Raleigh, N.C. (Nov. 26, 2019) – This month, Anesthesia & Analgesia published three research articles by the American Board of Anesthesiology (ABA) that examine the validity and value of board certification.
The first piece of research, “The American Board of Anesthesiology’s Staged Examination System and Performance on the Written Certification Examination After Residency, examines anesthesiology residency graduates’ performance on the written examinations for board certification before and after the introduction of the staged examination system. Our research found that the staged examination system is associated with improved medical knowledge of anesthesiologists. We believe this is due to residents studying more and earlier during training.
The second article, “The American Board of Anesthesiology’s Standardized Oral Examination for Initial Board Certification,” chronicles the history and evolution of the oral examination since its first administration in 1939. Although 14 of the 24 American Board of Medical Specialties Member Boards use oral examinations as part of the certifying process, this is the first paper to provide a detailed description of how the exam is developed, administered and scored. The oral exam is designed to assess a higher level of clinical competency on the Miller’s pyramid – from “knows” to “knows how” – and evidence suggests that it accomplishes this goal.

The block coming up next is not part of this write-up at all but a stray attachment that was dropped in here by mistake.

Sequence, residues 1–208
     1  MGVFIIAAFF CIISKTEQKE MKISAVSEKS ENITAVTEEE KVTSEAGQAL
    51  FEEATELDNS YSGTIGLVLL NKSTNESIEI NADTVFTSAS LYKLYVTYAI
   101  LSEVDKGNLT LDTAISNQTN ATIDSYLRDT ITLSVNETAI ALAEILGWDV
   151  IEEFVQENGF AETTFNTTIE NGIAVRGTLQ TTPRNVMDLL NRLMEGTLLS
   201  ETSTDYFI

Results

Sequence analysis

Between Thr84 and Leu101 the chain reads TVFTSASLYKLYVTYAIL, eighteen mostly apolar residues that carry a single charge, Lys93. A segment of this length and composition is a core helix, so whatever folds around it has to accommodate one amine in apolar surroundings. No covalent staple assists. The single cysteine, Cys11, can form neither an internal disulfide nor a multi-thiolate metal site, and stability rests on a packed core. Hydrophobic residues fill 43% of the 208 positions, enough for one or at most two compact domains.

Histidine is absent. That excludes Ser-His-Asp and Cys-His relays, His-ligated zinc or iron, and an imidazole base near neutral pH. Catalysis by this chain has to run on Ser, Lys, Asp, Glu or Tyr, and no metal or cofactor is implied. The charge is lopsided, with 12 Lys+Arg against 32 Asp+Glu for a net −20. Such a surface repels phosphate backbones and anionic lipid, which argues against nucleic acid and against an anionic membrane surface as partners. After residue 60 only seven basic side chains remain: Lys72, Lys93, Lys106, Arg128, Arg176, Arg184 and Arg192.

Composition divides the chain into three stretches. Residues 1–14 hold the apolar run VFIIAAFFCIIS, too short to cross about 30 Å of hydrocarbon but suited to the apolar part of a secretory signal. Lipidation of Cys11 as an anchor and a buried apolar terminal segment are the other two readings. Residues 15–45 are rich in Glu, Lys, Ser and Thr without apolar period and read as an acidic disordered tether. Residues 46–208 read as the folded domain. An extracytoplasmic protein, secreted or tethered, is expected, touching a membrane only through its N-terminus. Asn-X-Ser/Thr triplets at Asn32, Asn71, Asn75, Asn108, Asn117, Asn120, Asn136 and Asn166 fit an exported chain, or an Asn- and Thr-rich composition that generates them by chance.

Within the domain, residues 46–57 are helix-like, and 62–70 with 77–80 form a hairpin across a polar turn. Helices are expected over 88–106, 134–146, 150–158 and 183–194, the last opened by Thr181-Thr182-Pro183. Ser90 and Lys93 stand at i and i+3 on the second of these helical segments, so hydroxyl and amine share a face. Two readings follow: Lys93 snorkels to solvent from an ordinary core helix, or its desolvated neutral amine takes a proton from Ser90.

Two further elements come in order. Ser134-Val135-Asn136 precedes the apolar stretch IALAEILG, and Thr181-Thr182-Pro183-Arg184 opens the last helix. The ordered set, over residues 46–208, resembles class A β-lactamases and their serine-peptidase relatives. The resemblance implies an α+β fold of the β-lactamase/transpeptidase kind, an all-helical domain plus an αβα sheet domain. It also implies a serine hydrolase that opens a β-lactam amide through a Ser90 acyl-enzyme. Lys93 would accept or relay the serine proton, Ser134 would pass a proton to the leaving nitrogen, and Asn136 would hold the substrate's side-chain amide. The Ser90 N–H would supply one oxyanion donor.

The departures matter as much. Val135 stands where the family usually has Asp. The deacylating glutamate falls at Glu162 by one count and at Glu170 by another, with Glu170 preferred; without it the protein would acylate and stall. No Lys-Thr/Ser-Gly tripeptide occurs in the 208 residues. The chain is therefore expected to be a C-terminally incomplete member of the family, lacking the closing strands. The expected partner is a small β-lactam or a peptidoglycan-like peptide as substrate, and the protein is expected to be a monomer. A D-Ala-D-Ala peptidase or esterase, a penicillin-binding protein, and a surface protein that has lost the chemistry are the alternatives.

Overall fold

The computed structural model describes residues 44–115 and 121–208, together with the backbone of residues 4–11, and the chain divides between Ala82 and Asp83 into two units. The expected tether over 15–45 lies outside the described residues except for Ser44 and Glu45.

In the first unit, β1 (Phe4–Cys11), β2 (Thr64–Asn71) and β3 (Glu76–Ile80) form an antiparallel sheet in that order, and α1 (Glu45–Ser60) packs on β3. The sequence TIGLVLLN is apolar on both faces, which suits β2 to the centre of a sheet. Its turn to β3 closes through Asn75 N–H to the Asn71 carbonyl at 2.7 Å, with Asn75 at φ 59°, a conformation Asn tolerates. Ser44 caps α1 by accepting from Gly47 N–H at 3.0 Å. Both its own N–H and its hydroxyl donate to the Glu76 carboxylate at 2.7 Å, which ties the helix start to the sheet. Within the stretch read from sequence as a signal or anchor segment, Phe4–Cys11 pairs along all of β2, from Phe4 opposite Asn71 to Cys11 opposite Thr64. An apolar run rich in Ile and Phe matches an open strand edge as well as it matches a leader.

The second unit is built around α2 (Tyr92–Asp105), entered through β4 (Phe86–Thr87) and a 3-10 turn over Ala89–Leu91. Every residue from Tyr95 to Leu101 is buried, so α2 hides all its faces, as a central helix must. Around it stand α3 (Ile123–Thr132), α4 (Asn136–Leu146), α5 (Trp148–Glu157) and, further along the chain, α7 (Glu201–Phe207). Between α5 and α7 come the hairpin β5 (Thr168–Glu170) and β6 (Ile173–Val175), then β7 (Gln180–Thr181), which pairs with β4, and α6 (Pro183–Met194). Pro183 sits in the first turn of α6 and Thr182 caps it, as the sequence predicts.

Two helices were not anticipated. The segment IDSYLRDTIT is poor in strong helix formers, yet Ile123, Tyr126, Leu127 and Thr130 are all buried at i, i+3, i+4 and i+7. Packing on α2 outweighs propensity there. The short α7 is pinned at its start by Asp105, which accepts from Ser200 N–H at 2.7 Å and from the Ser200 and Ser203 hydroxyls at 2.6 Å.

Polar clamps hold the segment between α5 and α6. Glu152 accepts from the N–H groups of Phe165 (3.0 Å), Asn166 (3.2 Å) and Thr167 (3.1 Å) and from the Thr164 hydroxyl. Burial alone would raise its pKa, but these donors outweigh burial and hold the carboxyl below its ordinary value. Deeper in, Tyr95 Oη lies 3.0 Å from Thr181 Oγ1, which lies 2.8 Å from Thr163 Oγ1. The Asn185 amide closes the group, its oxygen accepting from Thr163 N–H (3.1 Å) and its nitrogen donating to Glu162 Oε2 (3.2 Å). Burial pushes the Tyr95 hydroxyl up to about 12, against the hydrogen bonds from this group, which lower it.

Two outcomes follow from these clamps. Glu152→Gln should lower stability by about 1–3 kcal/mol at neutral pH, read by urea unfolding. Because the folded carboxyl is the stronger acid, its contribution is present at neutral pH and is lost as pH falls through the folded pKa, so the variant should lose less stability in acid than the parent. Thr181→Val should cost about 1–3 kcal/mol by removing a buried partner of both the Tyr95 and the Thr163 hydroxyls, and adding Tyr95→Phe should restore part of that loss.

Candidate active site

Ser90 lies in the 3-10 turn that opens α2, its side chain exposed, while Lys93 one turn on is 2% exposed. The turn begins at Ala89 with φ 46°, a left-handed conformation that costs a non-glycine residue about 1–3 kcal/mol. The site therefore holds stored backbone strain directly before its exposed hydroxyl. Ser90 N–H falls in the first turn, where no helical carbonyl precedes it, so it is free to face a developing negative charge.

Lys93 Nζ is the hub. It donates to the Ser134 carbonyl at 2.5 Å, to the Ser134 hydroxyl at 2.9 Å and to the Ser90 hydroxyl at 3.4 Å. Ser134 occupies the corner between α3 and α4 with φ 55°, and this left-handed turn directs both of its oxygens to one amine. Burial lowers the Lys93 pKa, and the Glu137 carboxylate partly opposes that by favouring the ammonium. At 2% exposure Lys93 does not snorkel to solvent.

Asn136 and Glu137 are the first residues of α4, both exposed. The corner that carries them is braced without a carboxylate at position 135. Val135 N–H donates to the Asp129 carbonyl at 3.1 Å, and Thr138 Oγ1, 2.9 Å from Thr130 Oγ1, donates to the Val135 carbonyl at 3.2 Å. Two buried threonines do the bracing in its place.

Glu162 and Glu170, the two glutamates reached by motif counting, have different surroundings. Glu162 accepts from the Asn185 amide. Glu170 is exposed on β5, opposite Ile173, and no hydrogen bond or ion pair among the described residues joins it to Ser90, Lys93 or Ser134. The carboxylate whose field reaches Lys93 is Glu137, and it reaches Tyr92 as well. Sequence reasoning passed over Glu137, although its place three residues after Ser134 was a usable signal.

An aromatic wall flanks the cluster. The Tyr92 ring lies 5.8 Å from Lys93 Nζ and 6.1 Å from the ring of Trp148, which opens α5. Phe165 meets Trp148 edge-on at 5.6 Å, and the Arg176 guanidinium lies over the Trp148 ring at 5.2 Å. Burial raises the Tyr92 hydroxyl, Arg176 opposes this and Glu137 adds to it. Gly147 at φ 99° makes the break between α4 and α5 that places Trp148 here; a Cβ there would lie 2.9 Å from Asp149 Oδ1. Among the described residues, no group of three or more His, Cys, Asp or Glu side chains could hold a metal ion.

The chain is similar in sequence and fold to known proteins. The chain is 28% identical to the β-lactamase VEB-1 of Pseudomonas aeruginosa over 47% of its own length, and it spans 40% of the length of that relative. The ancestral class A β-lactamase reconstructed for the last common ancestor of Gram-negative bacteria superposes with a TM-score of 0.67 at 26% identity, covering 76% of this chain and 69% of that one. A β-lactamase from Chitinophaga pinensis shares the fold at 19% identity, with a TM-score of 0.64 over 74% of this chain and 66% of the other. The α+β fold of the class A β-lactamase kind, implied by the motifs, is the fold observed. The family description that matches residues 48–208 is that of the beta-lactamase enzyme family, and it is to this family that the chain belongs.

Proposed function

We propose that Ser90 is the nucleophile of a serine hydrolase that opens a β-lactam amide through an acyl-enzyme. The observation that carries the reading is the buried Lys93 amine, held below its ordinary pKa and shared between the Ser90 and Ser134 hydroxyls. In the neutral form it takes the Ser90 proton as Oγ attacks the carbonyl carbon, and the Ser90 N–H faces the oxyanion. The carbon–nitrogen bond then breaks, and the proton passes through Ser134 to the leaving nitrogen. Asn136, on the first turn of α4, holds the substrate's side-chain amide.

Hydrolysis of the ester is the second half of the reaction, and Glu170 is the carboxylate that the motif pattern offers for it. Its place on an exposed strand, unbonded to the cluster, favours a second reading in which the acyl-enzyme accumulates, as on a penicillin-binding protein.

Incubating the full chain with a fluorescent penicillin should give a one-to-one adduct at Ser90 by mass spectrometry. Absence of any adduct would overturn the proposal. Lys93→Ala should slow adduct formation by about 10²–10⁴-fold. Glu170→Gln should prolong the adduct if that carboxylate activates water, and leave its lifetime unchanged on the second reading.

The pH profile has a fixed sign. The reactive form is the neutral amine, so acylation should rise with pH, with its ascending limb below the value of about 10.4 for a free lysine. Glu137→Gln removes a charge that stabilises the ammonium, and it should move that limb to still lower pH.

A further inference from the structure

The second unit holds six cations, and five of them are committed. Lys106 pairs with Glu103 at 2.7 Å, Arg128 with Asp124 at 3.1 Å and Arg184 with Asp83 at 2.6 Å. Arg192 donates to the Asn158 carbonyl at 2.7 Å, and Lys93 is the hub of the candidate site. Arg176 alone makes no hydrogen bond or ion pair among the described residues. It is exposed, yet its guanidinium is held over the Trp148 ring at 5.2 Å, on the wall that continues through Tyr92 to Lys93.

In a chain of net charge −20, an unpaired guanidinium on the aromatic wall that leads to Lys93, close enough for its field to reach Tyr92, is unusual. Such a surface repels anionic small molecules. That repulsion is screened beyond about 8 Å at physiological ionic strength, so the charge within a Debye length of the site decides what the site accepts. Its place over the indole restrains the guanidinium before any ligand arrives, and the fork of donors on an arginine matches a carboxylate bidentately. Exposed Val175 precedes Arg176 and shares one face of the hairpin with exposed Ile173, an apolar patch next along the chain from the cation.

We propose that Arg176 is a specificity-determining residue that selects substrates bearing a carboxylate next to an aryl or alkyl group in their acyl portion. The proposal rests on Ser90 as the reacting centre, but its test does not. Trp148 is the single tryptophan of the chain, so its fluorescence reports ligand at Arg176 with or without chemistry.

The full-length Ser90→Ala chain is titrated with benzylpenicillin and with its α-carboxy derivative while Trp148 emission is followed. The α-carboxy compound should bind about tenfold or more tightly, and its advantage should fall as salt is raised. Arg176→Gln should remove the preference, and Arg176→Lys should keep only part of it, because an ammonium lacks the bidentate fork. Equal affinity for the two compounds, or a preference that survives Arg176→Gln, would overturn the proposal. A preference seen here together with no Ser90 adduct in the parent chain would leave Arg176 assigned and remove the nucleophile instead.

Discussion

The third article published this month, “Association Between Participation and Performance in MOCA Minute and Actions Against the Medical Licenses of Anesthesiologists” discovered that timely participation in our longitudinal assessment, MOCA Minute®, and meeting the standard were associated with lower incidences of disciplinary action. This suggests that these attributes serve as markers for physician characteristics associated with lower risk of such actions. Reviewing medical license actions is one known and accepted research method used to identify physicians’ performance deficiencies. We launched MOCA Minute in 2016 as part of our continuing certification program.
This year, peer-reviewed journals have published five ABA research articles—two related to initial certification, two about continuing certification and one regarding physician wellbeing. One of our Board’s goals is to advance excellence in anesthesiology practice by supporting evidence-based research that explores research questions associated with certification.
About the American Board of Anesthesiology
The mission of the American Board of Anesthesiology® (ABA) is to advance the highest standards of the practice of anesthesiology. As the certifying body for anesthesiologists since 1938, the ABA is committed to partnering with physicians to advance lifelong learning and exceptional patient care. The Board administers initial and subspecialty certification exams as well as the Maintenance of Certification in Anesthesiology® (MOCA®) program, which is designed to promote lifelong learning, a commitment to quality clinical outcomes and patient safety. Based in Raleigh, N.C., the ABA is a nonprofit organization and a Member Board of the American Board of Medical Specialties.
ABA Media Contact
Director of Marketing and Communications